Don't invite vampires into your home. It's a maxim that is surprisingly relevant to importers and exporters. Vampires may be just observing otherworldly etiquette or may be afraid of some sort of sanction (although it's hard to imagine what would scare the undead, other than being forced to watch Jersey Shore reruns). Unless you invite a vampire into your house, for whatever the reasons, the vampire cannot enter to do whatever vampires do.
What do vampires do? Not to paint with too wide a brush, but vampires tend to run in monster mode most of the time. Scuttlebutt has it that there are movies and books targeted at wide-eyed teenage girls that portray vampires in a sympathetic light, but it's doubtful that parents anywhere would allow their daughters to date a vampire, especially not one who sparkles.
And what do federal enforcement authorities do? Well, they enforce. They are always in enforcement mode. To invite them in to your place of business may open you up to all sorts of liability. It is generally not the smart thing to do.
Now don't misunderstand. This is not to suggest that anyone should obstruct or impede federal authorities from doing their job. You should never do that. However, you may want to avoid doing their job for them.
Beware enforcement officials bearing gifts. The government talks trade facilitation, but acts enforcement. If a cop were to drop by your home and asked you to come in. You'd ask why, and the cop would say, "we're doing community outreach and we just want to tell you what is legal or not legal. While we're here, you wouldn't mind if we looked through your computer, would you?"
You laugh, but US Customs and Border Protection (CBP) uses a similar approach in Significant Importer Reviews, a cryptic program of suspect provenance and design. CBP claims that Significant Importer Reviews are informal, friendly outreach visits that allow importers of a certain size and volume and CBP to know each other without risk to either. The problem is that these outreach efforts can easily devolve into fishing expeditions. The other problem is that there are no formal guidelines or regulations regarding this program to restrain CBP from overreaching. Indeed, CBP has not reduced any of the program goals or guidelines to writing, a red flag to importers if there ever was one.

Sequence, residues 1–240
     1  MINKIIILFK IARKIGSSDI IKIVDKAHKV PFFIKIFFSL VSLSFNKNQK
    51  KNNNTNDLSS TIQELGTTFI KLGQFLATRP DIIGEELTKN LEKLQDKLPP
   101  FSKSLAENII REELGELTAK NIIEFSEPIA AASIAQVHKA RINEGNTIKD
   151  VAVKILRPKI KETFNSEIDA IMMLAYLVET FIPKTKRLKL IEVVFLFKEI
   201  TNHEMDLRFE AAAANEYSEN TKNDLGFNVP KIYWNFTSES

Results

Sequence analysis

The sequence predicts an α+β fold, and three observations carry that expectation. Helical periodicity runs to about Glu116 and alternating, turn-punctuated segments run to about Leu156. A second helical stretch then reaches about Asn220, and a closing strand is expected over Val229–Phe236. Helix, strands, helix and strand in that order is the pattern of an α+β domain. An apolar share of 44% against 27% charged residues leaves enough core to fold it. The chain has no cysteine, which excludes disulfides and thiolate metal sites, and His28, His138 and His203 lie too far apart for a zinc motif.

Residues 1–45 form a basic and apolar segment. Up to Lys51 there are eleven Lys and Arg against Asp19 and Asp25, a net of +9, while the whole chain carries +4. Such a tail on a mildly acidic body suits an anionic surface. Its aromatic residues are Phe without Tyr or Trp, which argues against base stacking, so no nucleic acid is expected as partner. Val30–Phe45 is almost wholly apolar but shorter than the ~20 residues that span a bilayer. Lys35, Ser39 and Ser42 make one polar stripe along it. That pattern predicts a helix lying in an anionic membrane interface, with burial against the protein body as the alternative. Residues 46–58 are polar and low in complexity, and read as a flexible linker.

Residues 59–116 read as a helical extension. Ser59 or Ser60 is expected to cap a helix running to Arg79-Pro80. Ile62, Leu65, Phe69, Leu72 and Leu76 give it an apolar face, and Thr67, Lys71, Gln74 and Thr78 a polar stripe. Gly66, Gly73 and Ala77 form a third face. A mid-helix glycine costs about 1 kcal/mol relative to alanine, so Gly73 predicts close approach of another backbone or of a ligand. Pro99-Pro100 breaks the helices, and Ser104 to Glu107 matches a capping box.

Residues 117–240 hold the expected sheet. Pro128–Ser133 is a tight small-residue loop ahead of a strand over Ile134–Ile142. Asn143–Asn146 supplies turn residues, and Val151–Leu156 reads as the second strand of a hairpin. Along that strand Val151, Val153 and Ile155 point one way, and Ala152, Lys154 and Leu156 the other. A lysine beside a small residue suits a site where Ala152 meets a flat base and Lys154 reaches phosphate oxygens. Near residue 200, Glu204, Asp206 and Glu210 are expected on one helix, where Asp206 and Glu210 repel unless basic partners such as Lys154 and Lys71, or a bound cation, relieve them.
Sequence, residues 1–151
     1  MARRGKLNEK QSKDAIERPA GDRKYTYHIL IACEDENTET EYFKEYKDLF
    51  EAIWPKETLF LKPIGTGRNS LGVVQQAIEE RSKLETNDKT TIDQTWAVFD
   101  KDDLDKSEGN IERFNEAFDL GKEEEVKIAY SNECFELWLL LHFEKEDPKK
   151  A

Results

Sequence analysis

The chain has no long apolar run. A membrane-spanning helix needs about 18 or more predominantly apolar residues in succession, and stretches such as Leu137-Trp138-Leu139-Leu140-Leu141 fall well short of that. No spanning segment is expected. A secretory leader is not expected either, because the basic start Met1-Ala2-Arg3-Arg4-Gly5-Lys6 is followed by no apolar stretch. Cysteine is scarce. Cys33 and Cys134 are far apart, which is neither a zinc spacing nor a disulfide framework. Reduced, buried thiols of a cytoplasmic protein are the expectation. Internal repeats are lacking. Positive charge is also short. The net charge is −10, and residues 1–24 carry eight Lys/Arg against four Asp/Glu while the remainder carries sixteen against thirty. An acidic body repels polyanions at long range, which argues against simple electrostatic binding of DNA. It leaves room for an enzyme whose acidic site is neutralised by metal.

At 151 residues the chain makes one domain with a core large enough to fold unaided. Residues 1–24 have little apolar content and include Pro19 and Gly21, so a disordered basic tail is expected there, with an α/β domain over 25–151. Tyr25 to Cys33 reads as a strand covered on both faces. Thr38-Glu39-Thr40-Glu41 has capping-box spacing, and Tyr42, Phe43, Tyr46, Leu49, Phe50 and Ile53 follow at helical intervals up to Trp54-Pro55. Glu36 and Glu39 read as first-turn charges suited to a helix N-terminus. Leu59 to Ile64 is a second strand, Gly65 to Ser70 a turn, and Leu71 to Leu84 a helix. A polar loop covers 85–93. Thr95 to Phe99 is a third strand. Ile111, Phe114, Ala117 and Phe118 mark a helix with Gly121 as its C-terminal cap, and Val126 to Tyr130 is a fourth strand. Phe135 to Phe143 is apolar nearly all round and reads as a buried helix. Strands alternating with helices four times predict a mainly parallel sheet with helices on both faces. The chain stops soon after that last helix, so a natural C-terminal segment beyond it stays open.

Outreach efforts from enforcement authorities can harm exporters as well as importers, of course. Take, for example, Powerline Components Industries, a company that is currently featured by the U.S. Bureau of Industry and Security on its website (which is not a good thing). Powerline shipped diesel engines to Syria without the requisite license. The question for export enforcement authorities was whether the violation was intentional because if it was, then the penalty could be stiffer. Just about the time it was about to ship, enforcement officers paid a friendly outreach visit to the exporter during which the officers described the nightmares that befall violators of US sanctions laws. With that warning, Powerline knew or should have known that the export was illegal, i.e., it had the requisite intent. Enforcement authorities had little trouble forcing the company to pay a hefty penalty.
A vampire could not have done better.
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